Lastly, cultivate friendships with humble people. Doing life with those who understand humility will help deflect pride. Proverbs 16:19 says, “Better to be lowly in spirit along with the oppressed than to share plunder with the proud.” When your friends are humble people, you will learn to emulate them. But if your close friends are arrogant, you may emulate them my adjusting your attitudes and actions to suit theirs.

Curing ourselves of our pride will most likely be a painful process. Losing our selfish pride means learning to live only for the glory of God. Losing our selfish pride means learning to live without being in control of our lives. Losing our selfish pride means means becoming more like Him.

All I know is that I cannot overcome this sin on my own, and I will not overcome it quickly. Even in my pride, I recognize the fact that I am too weak to overcome sin on my own, I need to trust in the power of God’s Holy Spirit to strengthen me for this battle.

Discussion Questions:
1. How do you define pride? How does pride show up in a relationship? What are some of the destructive results of pride?
2. Humility is the cure for pride. What is your definition of humility? Why is humility so important in our relationships? How do you know if you are humble?
3. Read the following verses: Proverbs 11:2, 18:12, 22:4; Micah 6:8 and James 3:13. From these passages, what does the Bible say about humility?
4. Read 1 Peter 5:5-7. In this passage, the Bible says to “clothe” yourself with humility. What does that look like? How do you clothe yourself with humility?
5. Pray and ask God for His help in identifying and working on the areas of pride in our lives and relationships.

Pride Goes Before A Fall

“Now I, Nebuchadnezzar, praise and exalt and glorify the King of heaven, because everything he does is right and all his ways are just. And those who walk in pride he is able to humble.” – Daniel 4:37

Maybe you have heard the stories of Nebuchadnezzar, but in case you have not, Daniel, Chapter 4 details the story of Nebuchadnezzar, king in the land of Babylonia. He invaded and defeated Judah, including the city of Jerusalem, ruthlessly killed the inhabitants and took thousands of people captive back to Babylonia including Daniel. Daniel records a few of the king’s activities, including the building of a golden image. After building the golden image, Nebuchadnezzar issues a decree that his all his people were to bow down to it. The golden image symbolized his invincibility. No other king or kingdom could overpower him.

But this “invincible” king was about to learn a valuable lesson that God is sovereign, a lesson he would learn the hard way.

Nebuchadnezzar, proud of his splendor and majesty, aspired to surpass his God-given position of honor, and decided go beyond it. The king had a dream. His wise men were unable to interpret the team so Daniel, who was successful in the past of revealing the dream as well as the what the dream meant, was called.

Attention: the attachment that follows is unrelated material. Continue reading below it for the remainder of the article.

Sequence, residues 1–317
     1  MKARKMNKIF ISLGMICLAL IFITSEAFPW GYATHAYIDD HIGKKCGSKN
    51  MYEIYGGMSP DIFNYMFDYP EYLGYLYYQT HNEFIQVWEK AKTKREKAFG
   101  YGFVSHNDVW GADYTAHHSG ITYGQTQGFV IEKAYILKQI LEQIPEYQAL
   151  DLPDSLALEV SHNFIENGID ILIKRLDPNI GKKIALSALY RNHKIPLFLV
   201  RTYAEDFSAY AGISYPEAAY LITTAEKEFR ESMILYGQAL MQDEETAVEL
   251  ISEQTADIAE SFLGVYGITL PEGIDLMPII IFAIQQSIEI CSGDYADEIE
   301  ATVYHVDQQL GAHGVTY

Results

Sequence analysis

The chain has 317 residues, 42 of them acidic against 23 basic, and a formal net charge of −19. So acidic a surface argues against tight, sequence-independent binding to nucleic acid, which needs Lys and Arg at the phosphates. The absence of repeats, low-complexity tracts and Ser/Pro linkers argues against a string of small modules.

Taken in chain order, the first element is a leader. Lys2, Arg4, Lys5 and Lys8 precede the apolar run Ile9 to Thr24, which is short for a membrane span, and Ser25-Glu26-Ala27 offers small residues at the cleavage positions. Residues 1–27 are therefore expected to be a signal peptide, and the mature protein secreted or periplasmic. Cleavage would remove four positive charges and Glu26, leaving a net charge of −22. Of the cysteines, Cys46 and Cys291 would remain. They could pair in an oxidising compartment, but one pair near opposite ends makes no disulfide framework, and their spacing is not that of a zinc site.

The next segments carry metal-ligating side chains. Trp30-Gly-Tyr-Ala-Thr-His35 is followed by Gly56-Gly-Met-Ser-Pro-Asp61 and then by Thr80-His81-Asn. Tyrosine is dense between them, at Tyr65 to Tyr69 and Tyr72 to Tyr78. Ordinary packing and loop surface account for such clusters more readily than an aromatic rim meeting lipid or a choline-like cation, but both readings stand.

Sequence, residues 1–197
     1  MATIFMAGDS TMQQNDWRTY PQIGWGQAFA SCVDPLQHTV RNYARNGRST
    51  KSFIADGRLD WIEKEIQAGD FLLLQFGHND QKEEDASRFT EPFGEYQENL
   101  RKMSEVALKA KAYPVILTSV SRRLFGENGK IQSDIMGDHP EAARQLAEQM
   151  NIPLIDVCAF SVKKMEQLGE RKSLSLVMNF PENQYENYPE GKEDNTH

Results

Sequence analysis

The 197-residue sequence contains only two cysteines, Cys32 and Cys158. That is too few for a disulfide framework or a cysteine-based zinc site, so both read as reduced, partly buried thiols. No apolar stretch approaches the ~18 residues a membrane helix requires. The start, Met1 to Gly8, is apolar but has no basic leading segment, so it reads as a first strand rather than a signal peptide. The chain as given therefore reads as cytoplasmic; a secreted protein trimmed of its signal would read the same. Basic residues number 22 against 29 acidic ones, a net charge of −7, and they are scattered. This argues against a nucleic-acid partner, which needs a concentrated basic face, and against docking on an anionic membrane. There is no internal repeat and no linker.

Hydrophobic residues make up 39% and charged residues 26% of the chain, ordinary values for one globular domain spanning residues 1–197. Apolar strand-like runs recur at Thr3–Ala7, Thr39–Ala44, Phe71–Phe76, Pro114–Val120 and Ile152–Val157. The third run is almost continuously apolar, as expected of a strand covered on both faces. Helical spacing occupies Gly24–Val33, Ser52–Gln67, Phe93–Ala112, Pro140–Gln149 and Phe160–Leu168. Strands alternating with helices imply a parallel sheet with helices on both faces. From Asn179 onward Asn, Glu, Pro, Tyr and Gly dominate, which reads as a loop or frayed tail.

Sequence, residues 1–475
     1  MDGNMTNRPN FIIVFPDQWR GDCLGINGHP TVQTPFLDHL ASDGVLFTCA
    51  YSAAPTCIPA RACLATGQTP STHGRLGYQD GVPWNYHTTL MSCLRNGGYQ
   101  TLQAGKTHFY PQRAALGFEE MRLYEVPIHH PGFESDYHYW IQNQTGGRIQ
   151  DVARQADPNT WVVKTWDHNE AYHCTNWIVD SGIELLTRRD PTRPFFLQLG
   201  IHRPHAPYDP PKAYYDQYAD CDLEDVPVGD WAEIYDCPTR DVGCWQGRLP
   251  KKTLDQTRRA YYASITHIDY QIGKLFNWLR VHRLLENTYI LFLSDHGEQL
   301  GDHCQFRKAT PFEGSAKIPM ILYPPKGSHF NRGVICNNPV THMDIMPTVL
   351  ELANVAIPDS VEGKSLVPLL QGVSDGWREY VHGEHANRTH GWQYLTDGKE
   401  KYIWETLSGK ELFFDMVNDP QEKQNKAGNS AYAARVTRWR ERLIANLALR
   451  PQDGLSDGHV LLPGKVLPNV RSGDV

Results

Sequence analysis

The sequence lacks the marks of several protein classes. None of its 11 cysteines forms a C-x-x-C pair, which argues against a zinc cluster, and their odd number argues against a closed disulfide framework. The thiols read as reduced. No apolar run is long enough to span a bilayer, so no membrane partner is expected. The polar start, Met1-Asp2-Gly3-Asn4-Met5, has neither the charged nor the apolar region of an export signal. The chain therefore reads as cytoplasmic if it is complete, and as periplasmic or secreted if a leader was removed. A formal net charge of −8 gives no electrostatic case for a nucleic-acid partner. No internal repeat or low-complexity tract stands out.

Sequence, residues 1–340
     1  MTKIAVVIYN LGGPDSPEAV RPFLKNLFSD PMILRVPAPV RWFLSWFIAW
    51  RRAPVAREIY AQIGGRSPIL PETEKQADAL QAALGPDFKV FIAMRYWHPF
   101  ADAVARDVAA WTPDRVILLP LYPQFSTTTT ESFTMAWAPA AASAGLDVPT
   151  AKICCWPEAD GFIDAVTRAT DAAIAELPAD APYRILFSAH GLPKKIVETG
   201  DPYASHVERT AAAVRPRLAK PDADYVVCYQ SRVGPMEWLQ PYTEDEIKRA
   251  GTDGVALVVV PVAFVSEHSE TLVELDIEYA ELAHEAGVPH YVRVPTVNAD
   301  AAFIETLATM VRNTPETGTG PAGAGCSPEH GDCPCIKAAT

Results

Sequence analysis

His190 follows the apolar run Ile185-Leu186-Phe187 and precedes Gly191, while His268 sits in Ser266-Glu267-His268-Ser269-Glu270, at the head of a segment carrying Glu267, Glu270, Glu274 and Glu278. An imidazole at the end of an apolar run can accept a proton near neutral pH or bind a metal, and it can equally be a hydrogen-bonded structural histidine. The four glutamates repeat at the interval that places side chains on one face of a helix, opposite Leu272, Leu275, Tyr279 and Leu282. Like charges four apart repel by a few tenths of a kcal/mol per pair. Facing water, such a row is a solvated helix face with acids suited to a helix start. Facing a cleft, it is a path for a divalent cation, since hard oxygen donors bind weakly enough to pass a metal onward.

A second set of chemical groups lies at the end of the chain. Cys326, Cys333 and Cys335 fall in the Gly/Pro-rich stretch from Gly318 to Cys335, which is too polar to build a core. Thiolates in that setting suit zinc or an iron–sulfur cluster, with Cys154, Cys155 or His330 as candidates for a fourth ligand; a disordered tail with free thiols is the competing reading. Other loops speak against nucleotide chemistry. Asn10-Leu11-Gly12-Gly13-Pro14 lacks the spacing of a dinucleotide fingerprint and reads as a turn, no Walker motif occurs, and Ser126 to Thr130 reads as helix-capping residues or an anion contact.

The dream is a large strong tree that had leaves and fruit but it was cut down and all that was left was the stump. Daniel interpreted the dream and told the king the tree represented him and for seven years he would have the heart of an animal and would behave as an animal for those years. His kingdom would not be taken away from him, although he would be too incapacitated to govern. Daniel appeals to the king in verse 27: “Therefore, Your Majesty, be pleased to accept my advice: Renounce your sins by doing what is right, and your wickedness by being kind to the oppressed. It may be that then your prosperity will continue.”

For a period of twelve months, nothing happened. But in verses 29-30 we read the following: “Twelve months later, as the king was walking on the roof of the royal palace of Babylon, he said, “Is not this the great Babylon I have built as the royal residence, by my mighty power and for the glory of my majesty?”

Verse 31-33 tells us what happens next. “Even as the words were on his lips, a voice came from heaven, “This is what is decreed for you, King Nebuchadnezzar: Your royal authority has been taken from you. You will be driven away from people and will live with the wild animals; you will eat grass like the ox. Seven times will pass by for you until you acknowledge that the Most High is sovereign over all kingdoms on earth and gives them to anyone he wishes. Immediately what had been said about Nebuchadnezzar was fulfilled. He was driven away from people and ate grass like the ox. His body was drenched with the dew of heaven until his hair grew like the feathers of an eagle and his nails like the claws of a bird.”

Only when he returned to humbling himself before God and acknowledging God’s sovereignty over his life, was he restored back to the kingdom. And he admitted at the end of verse 36 that “… those who walk in pride he is able to humble.” Even the most powerful person. Even kings.

A study of history will reveal any number of great people who fell victim to their pride. Adolph Hitler, Joseph Stalin and others will go down as major history lessons for all of us to see what pride, arrogance, and a haughty spirit can do to a person and his life.